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Truls Mørk’s encore – Bach –

Bergen Philharmonic’s encores – Elgar – Nimrod, and Grieg – March of the Trolls

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A great Norwegian orchestra meets great British music, as Edward Gardner conducts Grieg, Walton, and Elgar’s Cello Concerto. Truls Mørk is the soloist, and his take on Elgar’s hugely popular concerto is both fresh and deeply thoughtful. Gardner, meanwhile, became Chief Conductor of the Bergen Philharmonic Orchestra in 2015. Together, they’ve got a real chemistry – so whether in Walton’s explosive First Symphony or Peer Gynt (by Bergen’s hometown hero Edvard Grieg), expect some serious energy tonight.

6:15pm: Pre-concert conversation with Edward Gardner. This conversation will be signed by a British Sign Language interpreter.

Andris Nelsons Conducts Bruckner

Thursday 12th January, 7.30pm

City of Birmingham Symphony Orchestra

Programme

  • Maxwell Davies Trumpet Concerto, 28′
  • Bruckner Symphony No. 4 (Romantic), 64′

The air seems to shimmer, and a horn calls softly in the mist. The loveliest opening to any symphony ever? Decide for yourself as Andris Nelsons unfolds the glowing peaks and sweeping vistas of Bruckner’s Romantic symphony – and sets it against the windswept seascapes of Peter Maxwell Davies’ Trumpet Concerto, played by one of the world’s greatest living trumpeters. Nelsons’s first concert in Birmingham since 2015 is certain to be a highlight of our season.

Support the CBSO

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Review by Christopher Morley, Birmingham Post:

Click here for full review

…     “Hardenberger’s contribution scuttered with tripping articulation and sang with generous phrasing, and Nelsons (let’s not forget he began as a trumpeter) breathed as one with his soloist.

If this offering was a revelation, the performance of Bruckner’s Fourth Symphony which followed was a glorious affirmation of Nelsons’ stature as a conductor of this Wagner-revering composer.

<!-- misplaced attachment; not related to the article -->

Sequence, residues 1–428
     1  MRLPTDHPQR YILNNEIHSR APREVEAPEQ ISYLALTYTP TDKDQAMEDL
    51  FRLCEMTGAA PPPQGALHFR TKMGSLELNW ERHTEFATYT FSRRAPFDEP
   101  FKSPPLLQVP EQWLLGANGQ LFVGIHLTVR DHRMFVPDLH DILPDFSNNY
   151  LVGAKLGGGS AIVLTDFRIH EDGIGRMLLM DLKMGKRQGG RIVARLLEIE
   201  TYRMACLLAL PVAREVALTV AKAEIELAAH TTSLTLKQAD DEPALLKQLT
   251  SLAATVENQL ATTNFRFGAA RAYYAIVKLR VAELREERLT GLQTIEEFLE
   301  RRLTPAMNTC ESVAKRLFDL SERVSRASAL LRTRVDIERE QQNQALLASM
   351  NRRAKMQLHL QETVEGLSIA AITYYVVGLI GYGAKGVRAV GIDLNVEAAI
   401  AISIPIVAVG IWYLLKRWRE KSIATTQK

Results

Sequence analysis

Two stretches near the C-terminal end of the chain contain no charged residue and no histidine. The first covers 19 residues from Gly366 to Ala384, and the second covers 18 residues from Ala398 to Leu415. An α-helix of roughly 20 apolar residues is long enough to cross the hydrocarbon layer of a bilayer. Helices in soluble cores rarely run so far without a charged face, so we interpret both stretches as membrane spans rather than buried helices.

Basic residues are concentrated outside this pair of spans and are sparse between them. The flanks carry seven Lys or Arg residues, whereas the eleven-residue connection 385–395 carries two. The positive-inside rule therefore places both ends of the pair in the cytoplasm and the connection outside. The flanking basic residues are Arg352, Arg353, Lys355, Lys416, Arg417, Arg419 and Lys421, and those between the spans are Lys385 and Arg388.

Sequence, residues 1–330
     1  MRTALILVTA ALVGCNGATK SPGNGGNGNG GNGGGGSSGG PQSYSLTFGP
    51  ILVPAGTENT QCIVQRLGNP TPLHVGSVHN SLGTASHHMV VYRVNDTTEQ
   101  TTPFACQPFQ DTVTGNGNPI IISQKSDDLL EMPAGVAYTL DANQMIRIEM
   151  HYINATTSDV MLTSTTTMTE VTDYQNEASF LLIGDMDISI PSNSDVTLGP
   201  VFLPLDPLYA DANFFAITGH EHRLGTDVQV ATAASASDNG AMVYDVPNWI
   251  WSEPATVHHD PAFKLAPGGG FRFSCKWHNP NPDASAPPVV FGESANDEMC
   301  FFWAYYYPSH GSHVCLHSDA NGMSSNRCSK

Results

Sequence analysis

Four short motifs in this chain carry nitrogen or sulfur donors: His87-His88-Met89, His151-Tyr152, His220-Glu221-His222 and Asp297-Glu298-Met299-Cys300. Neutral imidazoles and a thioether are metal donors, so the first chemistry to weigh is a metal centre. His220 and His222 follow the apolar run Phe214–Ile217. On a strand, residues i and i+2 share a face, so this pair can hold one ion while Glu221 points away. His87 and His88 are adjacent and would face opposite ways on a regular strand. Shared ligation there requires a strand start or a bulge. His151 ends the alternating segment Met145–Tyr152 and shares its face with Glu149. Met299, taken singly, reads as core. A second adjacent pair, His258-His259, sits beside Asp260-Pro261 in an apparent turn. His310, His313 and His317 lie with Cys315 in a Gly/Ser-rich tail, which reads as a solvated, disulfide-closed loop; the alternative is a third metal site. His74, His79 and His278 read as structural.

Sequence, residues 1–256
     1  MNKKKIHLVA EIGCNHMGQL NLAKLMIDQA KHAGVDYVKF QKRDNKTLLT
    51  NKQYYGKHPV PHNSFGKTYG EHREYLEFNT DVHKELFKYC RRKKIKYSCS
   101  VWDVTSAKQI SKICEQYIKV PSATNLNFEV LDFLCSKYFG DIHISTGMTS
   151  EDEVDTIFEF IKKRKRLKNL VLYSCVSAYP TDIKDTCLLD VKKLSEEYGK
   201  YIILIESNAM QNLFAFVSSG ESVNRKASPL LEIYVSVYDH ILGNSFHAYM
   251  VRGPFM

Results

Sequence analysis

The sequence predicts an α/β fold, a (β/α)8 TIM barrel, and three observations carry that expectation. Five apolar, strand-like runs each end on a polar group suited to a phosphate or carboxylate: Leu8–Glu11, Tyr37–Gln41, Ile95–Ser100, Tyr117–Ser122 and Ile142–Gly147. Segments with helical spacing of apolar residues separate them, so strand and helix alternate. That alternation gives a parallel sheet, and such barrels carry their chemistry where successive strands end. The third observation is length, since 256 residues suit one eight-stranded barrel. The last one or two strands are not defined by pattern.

We were made subconsciously aware of the huge arc of the work’s architecture, from the shimmering opening (and Elspeth Dutch’s evocative and immaculate horn solo) right to the very ending, almost rainbow-bridge in its grandeur, and with Nelsons achieving a cut-off which left us stunned in midair.

Along the way there was so much to admire: the empathetic interweaving of Dutch and Marie-Christine Zupancic’s flute; the magisterial timpanism of another returnee, Peter Hill; Nelsons’ firm grip over the score’s characteristic two+three rhythms; the sturdy brass chorales (trumpeter Alan Thomas yet another welcome returnee).

There was a huge emotional release at the end, from audience, players, and from Andris Nelsons himself, whose gestures and body-language signified so much joy at being back in what had once been his “home”.”

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Review by Richard Bratby, TheArtsDesk:

Click here for full review

…     “But he can still charge a melody with meaning, whether powering through a rainshower of bells, grinding against the altogether more menacing sheen of the CBSO’s trumpet section, or chanting a muted prayer amidst keening violins in Maxwell Davies’s central vision of St Francis preaching to a wheeling flock of Orcadian gulls and skuas.

If that was something of a surprise success, there was every reason to expect a lot from Bruckner’s Fourth Symphony, the “Romantic”. Nelsons’s credentials in Wagner might be presumed to give him a headstart in Bruckner, and in the Alpine clarity of Symphony Hall’s acoustic (sorry, London) it’s possible to create a truly colossal range of dynamics. No fear: Nelsons’s grasp of Bruckner’s symphonic architecture is too sophisticated for such cheap wins. With a modest, precise-looking beat he let the music stride forward in eloquent, articulate paragraphs, allowing incidental motifs and twists of harmony to find their own space, and pointedly declining to overemphasise the first movement’s more spectacular geographical features. It felt almost classical.